Are My Thoughts Facts?

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Thoughts Are Not Facts

Thoughts play a very powerful role in our self concept and the way we feel. Cognitive distortions – or thinking errors – can occur when the thoughts we have about ourselves, other people, or situations do not match reality. Thinking errors usually first develop out of adverse situations that feel threatening and then often stick around to become automatic thoughts. These faulty patterns of thinking easily become repetitive and can get us caught in thinking loops or ruminations.

When automatic thoughts are also negative, they cause high anxiety, low sef esteem, difficulty trusting others, trouble in relationships, and under-performance in our work. Therefore, it is important to challenge automatic negative thoughts and irrational thinking errors in order to have a healthier mentality and feel better about ourselves and various situations.

Please note: It is normal and healthy to have some negative thoughts. The goal is not to eliminate cognitive discomfort. The goal is to be fair and rational so that you can acknowledge when a situation is not ok but avoid exaggerating it in your mind or slipping into a state of aimless rumination.

Cognitive restructuring is the umbrella term for identifying and then challenging automatic negative thoughts. Here are a few strategies from Cognitive Behavioral Therapy (CBT) that may be helpful in this process.

  1. Record Your Thoughts. Automatic thoughts occur almost as reflexes and can be hard to even notice until we feel awful in our emotions and bodies. That is why it’s helpful to talk about it with another person and/or write thoughts down in order to sort through what is really going on in your mind. A thought record is a simple way to identify and then move toward challenging thinking errors.
    1. Parse through your thoughts by writing down everything you are thinking, one thought per line. (It might be a lot.)
    2. Put a star next to the thought(s) you believe are automatic negative thoughts or thinking errors.
    3. Note the date, time of day, and situation/place
    4. Note any physical sensations, emotions, and behavioral changes taking place when the thought occurs.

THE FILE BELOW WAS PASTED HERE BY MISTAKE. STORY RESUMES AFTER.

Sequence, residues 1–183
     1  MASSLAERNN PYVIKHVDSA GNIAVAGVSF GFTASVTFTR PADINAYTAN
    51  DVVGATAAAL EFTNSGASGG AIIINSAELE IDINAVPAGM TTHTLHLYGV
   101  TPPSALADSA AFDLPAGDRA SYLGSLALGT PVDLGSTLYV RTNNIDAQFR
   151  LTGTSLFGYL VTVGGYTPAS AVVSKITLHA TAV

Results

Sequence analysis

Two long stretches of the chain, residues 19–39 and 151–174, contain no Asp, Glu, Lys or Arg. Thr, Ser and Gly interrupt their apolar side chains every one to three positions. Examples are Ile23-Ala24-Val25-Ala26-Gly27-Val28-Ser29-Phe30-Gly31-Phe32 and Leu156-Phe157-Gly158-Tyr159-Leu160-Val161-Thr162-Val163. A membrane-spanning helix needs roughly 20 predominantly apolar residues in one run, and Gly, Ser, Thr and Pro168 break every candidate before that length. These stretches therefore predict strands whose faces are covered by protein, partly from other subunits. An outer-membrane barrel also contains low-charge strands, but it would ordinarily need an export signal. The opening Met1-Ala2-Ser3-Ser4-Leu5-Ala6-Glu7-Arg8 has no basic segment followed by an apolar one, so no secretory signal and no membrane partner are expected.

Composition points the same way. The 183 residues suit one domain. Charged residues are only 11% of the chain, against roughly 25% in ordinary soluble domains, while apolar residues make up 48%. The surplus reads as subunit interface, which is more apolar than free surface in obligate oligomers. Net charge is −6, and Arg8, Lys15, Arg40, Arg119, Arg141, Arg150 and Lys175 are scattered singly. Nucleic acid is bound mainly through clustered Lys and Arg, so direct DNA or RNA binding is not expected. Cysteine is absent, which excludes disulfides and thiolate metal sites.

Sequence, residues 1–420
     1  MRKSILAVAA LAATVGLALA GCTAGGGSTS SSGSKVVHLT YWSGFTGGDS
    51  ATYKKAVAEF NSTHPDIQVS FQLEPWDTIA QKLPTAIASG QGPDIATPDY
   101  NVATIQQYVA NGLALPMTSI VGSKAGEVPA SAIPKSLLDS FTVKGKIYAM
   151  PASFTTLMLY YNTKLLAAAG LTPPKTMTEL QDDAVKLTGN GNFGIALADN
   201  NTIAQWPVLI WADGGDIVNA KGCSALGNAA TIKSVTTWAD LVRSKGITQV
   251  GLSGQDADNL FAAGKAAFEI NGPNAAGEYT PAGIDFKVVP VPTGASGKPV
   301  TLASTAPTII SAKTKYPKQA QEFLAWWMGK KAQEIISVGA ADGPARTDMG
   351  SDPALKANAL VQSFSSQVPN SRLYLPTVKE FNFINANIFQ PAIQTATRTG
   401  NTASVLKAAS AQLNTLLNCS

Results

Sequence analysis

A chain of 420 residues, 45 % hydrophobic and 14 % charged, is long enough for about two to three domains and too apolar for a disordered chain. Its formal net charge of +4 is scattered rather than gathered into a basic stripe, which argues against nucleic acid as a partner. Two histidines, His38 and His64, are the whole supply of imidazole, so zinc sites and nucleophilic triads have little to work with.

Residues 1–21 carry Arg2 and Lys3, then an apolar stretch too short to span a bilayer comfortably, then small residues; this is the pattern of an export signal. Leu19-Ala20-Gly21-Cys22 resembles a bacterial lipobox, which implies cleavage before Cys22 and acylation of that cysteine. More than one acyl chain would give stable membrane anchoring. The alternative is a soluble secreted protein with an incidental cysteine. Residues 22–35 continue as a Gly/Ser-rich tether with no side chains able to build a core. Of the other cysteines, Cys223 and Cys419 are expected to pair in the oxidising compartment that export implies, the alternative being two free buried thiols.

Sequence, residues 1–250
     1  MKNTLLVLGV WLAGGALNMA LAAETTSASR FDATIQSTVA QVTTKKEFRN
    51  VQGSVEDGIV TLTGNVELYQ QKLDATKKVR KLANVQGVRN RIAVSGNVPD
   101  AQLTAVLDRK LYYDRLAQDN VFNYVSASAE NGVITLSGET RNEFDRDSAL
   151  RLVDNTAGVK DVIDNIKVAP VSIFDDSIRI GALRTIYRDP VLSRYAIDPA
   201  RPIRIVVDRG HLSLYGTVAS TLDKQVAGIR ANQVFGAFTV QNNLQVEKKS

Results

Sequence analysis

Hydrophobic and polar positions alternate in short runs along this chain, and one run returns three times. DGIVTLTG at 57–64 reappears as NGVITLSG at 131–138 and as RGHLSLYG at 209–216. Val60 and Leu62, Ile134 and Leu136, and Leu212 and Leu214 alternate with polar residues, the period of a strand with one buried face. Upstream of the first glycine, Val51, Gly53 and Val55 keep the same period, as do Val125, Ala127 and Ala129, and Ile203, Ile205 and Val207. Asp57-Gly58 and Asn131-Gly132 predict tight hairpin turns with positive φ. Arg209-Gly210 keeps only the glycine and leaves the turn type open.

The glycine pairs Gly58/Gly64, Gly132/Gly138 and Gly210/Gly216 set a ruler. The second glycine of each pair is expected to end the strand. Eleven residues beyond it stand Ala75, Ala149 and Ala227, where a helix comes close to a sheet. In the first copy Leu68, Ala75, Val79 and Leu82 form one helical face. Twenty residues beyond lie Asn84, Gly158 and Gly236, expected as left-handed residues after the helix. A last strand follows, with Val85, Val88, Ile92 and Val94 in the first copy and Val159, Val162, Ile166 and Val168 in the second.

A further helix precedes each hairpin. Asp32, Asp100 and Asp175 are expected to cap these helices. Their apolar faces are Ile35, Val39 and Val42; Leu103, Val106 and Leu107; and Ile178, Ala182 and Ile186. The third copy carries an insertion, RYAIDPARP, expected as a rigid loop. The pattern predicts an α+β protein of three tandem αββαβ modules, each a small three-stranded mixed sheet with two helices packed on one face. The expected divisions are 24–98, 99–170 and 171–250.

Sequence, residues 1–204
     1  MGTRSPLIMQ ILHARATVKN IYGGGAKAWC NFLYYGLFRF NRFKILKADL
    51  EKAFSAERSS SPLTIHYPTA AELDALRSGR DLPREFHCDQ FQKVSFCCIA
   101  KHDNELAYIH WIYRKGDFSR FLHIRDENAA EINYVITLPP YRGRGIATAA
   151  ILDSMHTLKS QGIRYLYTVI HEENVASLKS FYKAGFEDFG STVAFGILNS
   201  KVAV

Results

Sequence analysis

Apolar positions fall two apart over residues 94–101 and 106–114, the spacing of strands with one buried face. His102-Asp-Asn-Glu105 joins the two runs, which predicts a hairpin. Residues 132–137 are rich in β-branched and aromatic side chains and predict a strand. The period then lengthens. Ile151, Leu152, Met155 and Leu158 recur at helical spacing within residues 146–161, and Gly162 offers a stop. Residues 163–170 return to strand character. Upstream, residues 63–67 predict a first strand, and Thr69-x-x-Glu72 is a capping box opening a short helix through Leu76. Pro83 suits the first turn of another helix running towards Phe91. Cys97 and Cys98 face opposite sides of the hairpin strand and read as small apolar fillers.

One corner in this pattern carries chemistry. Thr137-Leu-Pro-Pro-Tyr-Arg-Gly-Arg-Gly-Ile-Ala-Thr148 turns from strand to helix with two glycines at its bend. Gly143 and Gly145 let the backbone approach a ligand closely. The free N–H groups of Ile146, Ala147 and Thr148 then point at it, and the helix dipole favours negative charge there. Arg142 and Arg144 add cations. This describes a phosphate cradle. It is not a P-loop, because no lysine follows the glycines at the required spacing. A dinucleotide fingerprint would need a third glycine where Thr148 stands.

2. Socratic Questioning. Once a thinking error has been identified, the distortion can be called into question.
    1. Ask yourself the following questions about the distressing thought:
      1. Do I have evidence for this thought?
      2. Do I have evidence against this thought?
      3. Would a rational person believe this thought to be true?
      4. Would I say this out loud to another person about myself?
      5. Would I say this to another person about them?
    2. Rewrite the thought..
      1. Rewrite the thought using words that are rational and evidence-based.
  3. Decatastrophizing. This one is pretty simple and especially effective for worry-based thoughts. Simply ask and answer this question: “What is the worst thing that could happen?” over and over until you get to the end of your worry. You will likely notice the fact that even the worst-case scenario is a. Unlikely, and b. Manageable, even if it is scary or uncomfortable. Then you can use step “b” from above to rewrite the thought based on rationale and evidence instead of a worst-case scenario worry.
  4. Adopt Flexible Thinking. Thinking errors occur when we adopt a rigid way of thinking. The flipside is to stretch ourselves to see things from a different – or opposite – point of view. One way to reduce anxiety is to stop looking at the thought in a black and white way and, instead, to consider the entire spectrum of options and possibilities. In order to be cognitively flexible, avoid using words like “always”, “never”, “should”, and “must” to describe yourself, situations, or people in your mind.

 

Sometimes, the mere awareness of a thinking error or automatic negative thought is enough to eliminate it. Other distortions are more deeply ingrained, requiring extra work. Keep at it – it’s worth the work to dig out from under thinking errors and find a more rational, truthful version of the way you talk to and think about yourself.

Simply put: Don’t trust everything you think.

 

Blog written by Sentier therapist, Sarah Souder Johnson, MEd, LPCC

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